Jefferson Morris

Jefferson Morris
NOAA Budget Request Boosts GOES-R, Trims JPSS 
WASHINGTON - The budget moves are in line with the criticisms of an external review panel that last year deemed the agency’s satellite efforts “dysfunctional.” (Image: NOAA)
NASA: Commercial Crew Efforts Hit Hard By Sequestration 
NASA says its commercial crew efforts will be hit particularly hard under sequestration
NASA Seeking Common Upper-Stage For Planetary Missions 
NASA is seeking information from industry on a common upper-stage compatible with various launch vehicles the agency plans to use for future planetary missions. (Antares photo: Orbital Sciences)
Reviews Agree On Need For New NASA Strategic Plan
NASA needs a revamp of its strategic plan that follows from a new national consensus on what the agency’s primary mission should be, and what resources it needs to achieve it, according to new reports from the Space Foundation and the National Research Council.
Musk Sounds Cautious Note Prior To ISS Cargo Launch 
“I’m hopeful it’s nothing new, and it goes really smoothly,” Musk said Oct. 5. “I would like to remind people that this is only the second time we’re going to try to go to the space station, so there’s certainly a possibility the mission could abort or something could go wrong." (Image: SpaceX)
Independent Review Finds NOAA Satellite Oversight 'Dysfunctional' 
Part of the problem is that NOAA functional organizations, such as its CFO and CIO, are too involved in execution of the programs, “to adverse effect,” according to the review panel.
Three Companies Make The Cut For JLTV

Lockheed Martin, Oshkosh and AM General all have been chosen to progress into the engineering and manufacturing development (EMD) phase of the Joint Light Tactical Vehicle (JLTV) program to replace U.S. Army and Marine Corps Humvees.

Lockheed is receiving $66 million for the 27-month EMD phase, with Oshkosh receiving $56 million and AM General $64 million. Navistar International Corp., General Dynamics and BAE Systems also bid for EMD but were not chosen.

Commercial Crew Winners Look Beyond Station Ops 
WASHINGTON - The three teams chosen to proceed in NASA’s Commercial Crew Integrated Capability (CCiCap) program all have ambitions for their crew vehicles that go beyond the agency’s basic requirement of getting astronauts to and from the International Space Station. (Image: Sierra Nevada)
Boeing, SpaceX, Sierra Nevada Make The Cut For Commercial Crew
NASA has chosen three companies to continue the development of commercial spacecraft to launch crews to the International Space Station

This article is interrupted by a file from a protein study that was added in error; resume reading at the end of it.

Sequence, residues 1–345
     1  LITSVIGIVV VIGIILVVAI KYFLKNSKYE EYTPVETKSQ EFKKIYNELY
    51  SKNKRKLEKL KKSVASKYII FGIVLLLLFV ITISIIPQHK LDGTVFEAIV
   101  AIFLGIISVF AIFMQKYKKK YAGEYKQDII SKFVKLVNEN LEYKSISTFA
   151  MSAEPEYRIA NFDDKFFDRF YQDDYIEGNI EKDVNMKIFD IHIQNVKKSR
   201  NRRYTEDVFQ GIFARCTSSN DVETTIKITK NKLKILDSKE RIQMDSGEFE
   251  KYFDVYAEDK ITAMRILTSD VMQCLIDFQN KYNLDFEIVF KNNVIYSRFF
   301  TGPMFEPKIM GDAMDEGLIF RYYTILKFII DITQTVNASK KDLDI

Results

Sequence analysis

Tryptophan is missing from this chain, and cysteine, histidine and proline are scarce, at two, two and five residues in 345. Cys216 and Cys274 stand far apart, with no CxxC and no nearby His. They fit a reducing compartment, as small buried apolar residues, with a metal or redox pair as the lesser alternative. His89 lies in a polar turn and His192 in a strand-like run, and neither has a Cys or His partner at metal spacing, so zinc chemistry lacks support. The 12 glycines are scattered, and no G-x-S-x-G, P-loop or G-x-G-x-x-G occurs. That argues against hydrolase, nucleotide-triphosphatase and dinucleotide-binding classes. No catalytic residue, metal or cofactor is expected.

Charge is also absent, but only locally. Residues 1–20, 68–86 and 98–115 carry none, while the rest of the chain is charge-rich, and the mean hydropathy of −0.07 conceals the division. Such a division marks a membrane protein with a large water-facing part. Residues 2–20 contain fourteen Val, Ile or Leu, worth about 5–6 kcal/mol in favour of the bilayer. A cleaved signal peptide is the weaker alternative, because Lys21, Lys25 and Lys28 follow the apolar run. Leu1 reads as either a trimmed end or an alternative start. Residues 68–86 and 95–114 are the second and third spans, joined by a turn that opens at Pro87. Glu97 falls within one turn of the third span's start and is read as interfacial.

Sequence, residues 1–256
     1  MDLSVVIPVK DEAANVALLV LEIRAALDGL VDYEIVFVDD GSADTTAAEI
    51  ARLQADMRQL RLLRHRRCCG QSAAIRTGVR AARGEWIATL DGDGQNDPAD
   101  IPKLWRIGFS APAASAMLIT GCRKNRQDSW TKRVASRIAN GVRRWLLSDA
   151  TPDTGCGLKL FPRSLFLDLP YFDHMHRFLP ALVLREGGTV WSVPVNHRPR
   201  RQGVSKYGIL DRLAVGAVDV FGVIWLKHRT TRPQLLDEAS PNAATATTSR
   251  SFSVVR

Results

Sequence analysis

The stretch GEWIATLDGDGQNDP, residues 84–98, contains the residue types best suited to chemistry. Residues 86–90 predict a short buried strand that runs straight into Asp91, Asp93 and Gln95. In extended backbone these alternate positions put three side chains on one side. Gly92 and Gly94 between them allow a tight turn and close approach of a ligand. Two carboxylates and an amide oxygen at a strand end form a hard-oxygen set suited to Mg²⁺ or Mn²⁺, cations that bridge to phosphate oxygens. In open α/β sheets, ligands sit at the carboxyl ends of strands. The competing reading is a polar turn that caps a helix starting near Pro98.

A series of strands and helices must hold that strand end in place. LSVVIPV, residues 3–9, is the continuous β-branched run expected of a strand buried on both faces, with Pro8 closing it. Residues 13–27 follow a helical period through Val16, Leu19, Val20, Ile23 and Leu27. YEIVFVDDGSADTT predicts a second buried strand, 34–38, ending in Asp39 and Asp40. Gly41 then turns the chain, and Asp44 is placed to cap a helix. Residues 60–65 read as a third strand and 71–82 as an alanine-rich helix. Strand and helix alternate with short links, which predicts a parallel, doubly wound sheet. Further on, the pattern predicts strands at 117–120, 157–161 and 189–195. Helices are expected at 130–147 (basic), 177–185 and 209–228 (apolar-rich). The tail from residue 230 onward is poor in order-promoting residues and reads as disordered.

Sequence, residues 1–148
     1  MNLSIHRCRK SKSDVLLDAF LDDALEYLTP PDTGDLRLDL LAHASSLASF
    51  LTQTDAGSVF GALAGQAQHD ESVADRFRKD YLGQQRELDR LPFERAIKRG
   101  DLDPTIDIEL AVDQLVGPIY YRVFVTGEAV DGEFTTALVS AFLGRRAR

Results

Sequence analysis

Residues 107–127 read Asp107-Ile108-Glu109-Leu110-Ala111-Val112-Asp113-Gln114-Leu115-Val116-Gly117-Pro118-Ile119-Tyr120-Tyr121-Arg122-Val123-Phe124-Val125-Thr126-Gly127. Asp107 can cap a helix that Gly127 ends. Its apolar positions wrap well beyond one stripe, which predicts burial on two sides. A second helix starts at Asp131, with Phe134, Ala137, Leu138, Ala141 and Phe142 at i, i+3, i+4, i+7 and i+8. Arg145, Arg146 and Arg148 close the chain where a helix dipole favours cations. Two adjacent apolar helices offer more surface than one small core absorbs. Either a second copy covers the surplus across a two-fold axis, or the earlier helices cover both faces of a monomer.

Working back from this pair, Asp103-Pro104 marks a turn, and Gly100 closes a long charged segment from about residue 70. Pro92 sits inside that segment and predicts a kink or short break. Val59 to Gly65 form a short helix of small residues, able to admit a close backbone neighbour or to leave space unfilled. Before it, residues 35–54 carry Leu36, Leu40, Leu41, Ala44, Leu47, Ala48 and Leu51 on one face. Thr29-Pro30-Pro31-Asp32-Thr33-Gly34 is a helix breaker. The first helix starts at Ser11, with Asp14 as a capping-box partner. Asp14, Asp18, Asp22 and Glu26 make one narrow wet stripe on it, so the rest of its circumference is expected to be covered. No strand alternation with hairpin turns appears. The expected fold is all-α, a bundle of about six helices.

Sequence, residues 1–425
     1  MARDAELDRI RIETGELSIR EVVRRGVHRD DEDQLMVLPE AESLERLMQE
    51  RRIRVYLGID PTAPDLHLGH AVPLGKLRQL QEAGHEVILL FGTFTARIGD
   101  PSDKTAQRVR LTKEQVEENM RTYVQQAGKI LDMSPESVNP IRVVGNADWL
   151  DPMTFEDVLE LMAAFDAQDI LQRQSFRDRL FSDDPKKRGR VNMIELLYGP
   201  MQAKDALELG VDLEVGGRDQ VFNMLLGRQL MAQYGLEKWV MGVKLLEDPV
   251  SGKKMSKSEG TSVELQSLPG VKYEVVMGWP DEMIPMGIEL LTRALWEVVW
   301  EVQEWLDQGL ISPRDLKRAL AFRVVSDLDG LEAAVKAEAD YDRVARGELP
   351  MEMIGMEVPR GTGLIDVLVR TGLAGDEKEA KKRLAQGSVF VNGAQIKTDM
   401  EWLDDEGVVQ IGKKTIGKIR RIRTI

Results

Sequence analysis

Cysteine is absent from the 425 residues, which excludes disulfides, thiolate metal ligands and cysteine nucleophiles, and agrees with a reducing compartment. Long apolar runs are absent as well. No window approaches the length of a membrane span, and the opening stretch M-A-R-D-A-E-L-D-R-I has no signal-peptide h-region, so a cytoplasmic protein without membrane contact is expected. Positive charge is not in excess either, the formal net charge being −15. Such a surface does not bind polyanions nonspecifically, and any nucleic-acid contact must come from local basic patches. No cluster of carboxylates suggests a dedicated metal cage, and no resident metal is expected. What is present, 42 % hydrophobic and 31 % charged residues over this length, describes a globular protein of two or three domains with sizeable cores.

NASA Selects Study Proposals To Improve Advanced SLS Booster 
The proposals are for engineering demonstrations to support the transition of the SLS from its initial 70-metric-ton lift capacity, set to debut in 2017, to an eventual 130-metric-ton capability.
States Eye Commercial Sales To Offset Defense Cuts 
FARNBOROUGH - With politicians not even close to a deal that would avoid "sequestration" cuts to defense, state and local officials are aggressively courting the commercial aircraft and supply chain business. (Image: Boeing)
Inmarsat Sees Growing Market For UAV Data Services, Despite Drawdowns 
WASHINGTON - UAV data services are likely to grow even as troop numbers fall, according to Inmarsat CEO Rupert Pearce. (Predator C photo: General Atomics)
Inmarsat Looks Forward To Expanded Stable Of Launch Providers 
WASHINGTON - “Basically you’ve got a duopoly at the moment for commercial launches,” the CEO for the London-based satellite services provider tells Aviation Week. “I’d like to see four or more [providers], ideally." (Image: Boeing)
GeoEye Holds To Launch Plans Despite Wavering NGA Support 
WASHINGTON - GeoEye executives say they are hopeful that Congress will restore funding to the effort, but even if no additional money is provided for the company’s next-generation satellite beyond the $181 million, it can still be launched on time. (GeoEye 1 image: GeoEye)
GAO: Pentagon Contractors Still Doing Jobs Best Left To Services 
WASHINGTON - Despite directives to the contrary, the U.S. Army and Air Force still have been farming out certain “inherently governmental” tasks out to contractors, according to the U.S. Government Accountability Office (GAO).
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